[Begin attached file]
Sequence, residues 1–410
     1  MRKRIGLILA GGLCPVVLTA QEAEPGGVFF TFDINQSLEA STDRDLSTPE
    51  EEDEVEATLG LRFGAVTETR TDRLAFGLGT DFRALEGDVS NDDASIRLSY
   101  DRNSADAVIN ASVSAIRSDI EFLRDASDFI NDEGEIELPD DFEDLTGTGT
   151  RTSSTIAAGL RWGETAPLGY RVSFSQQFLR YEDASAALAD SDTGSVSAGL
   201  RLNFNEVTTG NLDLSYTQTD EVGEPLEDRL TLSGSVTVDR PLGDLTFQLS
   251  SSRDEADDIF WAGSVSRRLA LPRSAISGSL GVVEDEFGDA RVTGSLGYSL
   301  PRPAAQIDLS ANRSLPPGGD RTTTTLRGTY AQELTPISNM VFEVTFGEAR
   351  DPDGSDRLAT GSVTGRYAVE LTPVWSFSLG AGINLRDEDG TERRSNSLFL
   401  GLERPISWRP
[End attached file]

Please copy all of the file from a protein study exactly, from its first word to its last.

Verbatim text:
Sequence, residues 1–410
     1  MRKRIGLILA GGLCPVVLTA QEAEPGGVFF TFDINQSLEA STDRDLSTPE
    51  EEDEVEATLG LRFGAVTETR TDRLAFGLGT DFRALEGDVS NDDASIRLSY
   101  DRNSADAVIN ASVSAIRSDI EFLRDASDFI NDEGEIELPD DFEDLTGTGT
   151  RTSSTIAAGL RWGETAPLGY RVSFSQQFLR YEDASAALAD SDTGSVSAGL
   201  RLNFNEVTTG NLDLSYTQTD EVGEPLEDRL TLSGSVTVDR PLGDLTFQLS
   251  SSRDEADDIF WAGSVSRRLA LPRSAISGSL GVVEDEFGDA RVTGSLGYSL
   301  PRPAAQIDLS ANRSLPPGGD RTTTTLRGTY AQELTPISNM VFEVTFGEAR
   351  DPDGSDRLAT GSVTGRYAVE LTPVWSFSLG AGINLRDEDG TERRSNSLFL
   401  GLERPISWRP